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Station Crew Works with Experiments, Robotics and Maintenance

Published by Klaus Schmidt on Fri Jun 28, 2013 9:28 pm via: NASA
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The Expedition 36 crew members worked with science experiments, robotics and maintenance during a light-duty Friday, wrapping-up a busy week aboard the International Space Station.

Flight Engineer Chris Cassidy and Luca Parmitano participated in the Spinal Ultrasound experiment, performing spinal scans using the Ultrasound 2 equipment with remote guidance from ground teams. The experiment studies the spinal changes that occur due to microgravity during spaceflight and after the crew member returns to Earth.

Parmitano worked with Robonaut for another round of ground-commanded tests and was later joined by Cassidy to disassemble the humanoid robot. Robonaut was assembled earlier this week for several days of data takes by the payload controllers at the Marshall Space Flight Center.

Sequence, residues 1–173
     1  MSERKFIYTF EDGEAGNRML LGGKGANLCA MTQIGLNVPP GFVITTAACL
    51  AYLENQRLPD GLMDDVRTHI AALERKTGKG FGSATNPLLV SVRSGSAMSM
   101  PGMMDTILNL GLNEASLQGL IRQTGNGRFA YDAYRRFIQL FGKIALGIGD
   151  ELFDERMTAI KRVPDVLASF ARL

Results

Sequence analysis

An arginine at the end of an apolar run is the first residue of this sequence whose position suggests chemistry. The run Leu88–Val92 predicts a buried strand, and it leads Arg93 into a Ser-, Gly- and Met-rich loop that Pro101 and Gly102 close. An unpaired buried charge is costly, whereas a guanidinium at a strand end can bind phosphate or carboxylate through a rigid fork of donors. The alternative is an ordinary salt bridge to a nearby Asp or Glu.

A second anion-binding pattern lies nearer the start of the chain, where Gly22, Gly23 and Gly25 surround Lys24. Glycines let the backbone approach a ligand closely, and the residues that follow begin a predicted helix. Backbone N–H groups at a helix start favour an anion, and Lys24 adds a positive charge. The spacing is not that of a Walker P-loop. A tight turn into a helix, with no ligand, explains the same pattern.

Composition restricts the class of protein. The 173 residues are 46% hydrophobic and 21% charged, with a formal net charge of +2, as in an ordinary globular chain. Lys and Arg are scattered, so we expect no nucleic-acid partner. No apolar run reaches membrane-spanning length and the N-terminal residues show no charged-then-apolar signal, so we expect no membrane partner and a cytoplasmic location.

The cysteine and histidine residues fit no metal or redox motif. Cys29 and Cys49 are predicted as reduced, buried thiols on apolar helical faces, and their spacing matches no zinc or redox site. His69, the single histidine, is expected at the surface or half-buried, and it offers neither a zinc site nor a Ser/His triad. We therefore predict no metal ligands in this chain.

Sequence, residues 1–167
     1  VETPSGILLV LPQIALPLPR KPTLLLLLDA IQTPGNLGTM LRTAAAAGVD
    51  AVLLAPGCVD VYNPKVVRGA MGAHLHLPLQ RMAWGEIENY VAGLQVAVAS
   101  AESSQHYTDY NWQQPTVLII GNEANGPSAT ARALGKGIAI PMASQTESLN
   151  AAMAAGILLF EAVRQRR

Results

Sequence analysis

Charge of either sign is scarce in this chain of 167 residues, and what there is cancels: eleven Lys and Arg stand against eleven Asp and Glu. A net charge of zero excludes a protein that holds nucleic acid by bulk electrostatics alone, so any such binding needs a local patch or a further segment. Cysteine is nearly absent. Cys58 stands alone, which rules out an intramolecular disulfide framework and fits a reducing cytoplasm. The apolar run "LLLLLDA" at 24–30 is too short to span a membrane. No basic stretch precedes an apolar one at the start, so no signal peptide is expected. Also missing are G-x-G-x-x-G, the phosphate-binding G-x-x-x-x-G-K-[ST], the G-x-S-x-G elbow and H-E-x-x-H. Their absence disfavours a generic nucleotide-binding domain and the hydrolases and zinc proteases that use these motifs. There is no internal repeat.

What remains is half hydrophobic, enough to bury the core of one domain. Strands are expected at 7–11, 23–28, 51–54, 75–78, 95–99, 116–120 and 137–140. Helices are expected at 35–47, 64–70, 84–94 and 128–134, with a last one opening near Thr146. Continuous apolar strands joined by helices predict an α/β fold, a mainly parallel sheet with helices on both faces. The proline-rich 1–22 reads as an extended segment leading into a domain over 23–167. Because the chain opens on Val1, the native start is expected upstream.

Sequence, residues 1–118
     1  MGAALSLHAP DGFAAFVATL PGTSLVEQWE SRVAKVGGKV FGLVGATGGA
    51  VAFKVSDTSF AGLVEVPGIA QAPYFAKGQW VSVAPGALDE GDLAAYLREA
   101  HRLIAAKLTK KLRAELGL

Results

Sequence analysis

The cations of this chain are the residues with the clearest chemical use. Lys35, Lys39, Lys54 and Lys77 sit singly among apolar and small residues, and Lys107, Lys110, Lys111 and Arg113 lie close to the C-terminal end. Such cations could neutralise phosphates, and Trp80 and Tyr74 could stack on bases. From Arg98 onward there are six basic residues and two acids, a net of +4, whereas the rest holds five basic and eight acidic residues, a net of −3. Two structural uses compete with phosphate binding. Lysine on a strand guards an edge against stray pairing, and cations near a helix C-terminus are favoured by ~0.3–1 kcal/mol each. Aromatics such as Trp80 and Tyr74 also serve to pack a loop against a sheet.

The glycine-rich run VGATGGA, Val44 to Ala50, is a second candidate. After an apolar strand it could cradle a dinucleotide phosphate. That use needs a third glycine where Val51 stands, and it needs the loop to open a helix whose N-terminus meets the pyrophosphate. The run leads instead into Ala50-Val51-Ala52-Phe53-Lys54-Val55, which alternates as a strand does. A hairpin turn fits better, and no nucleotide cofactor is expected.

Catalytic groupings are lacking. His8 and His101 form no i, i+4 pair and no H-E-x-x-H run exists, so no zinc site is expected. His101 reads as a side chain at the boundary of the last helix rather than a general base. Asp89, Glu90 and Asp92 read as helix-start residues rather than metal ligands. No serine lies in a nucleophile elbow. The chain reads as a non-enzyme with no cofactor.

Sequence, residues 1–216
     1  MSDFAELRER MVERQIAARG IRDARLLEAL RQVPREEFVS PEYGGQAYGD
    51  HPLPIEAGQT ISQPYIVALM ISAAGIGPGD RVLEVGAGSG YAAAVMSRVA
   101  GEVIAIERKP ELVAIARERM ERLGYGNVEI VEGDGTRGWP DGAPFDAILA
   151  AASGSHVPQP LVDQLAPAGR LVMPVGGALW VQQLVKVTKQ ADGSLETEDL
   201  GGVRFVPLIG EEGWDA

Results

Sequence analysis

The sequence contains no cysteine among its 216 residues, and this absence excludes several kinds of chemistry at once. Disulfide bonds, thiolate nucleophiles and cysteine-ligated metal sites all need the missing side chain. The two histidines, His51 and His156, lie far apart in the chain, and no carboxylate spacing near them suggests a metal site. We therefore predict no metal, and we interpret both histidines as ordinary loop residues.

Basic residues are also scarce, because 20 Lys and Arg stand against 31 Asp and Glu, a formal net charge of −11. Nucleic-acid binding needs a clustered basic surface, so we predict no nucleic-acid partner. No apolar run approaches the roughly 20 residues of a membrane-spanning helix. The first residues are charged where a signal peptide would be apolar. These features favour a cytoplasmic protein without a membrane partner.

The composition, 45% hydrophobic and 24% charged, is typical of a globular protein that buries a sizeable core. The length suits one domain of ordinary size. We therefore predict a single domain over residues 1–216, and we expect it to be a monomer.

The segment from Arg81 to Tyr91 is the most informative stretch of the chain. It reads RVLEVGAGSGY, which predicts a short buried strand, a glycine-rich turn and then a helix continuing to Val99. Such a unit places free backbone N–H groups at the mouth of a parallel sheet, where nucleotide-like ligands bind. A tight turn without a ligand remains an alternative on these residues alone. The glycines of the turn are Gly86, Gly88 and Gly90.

Cassidy removed and replaced the Potable Water Dispenser filter and tested the system for possible leak sources. The old filter will be returned to Earth at a later date for inspection by experts.

Flight Engineer Karen Nyberg continued the transfer of cargo from the European Space Agency’s Automated Transfer Vehicle-4 (ATV-4). Also known as the “Albert Einstein,” ATV-4 delivered 7.3 tons of science experiments and supplies for the crew when it docked with the station’s Zvezda service module on June 15.

Nyberg also had some time set aside to participate in some in-flight interviews with CBS “This Morning” and CNN’s “Leading Women,” answering some questions about life aboard the station and her experiences as an astronaut.

On the Russian side of the station, Commander Pavel Vinogradov and Flight Engineers Fyodor Yurchikhin and Alexander Misurkin had an off-duty day. Yurchikhin and Misurkin performed a successful spacewalk on Monday to prepare for the addition of a new Russian module later this year.

Over the weekend, the Expedition 36 crew will have an opportunity to relax and speak with family members back on Earth. The station’s residents also will take care of weekly housekeeping activities and continue their daily exercise routines to prevent the loss of muscle mass and bone density that occurs during long-duration spaceflight.

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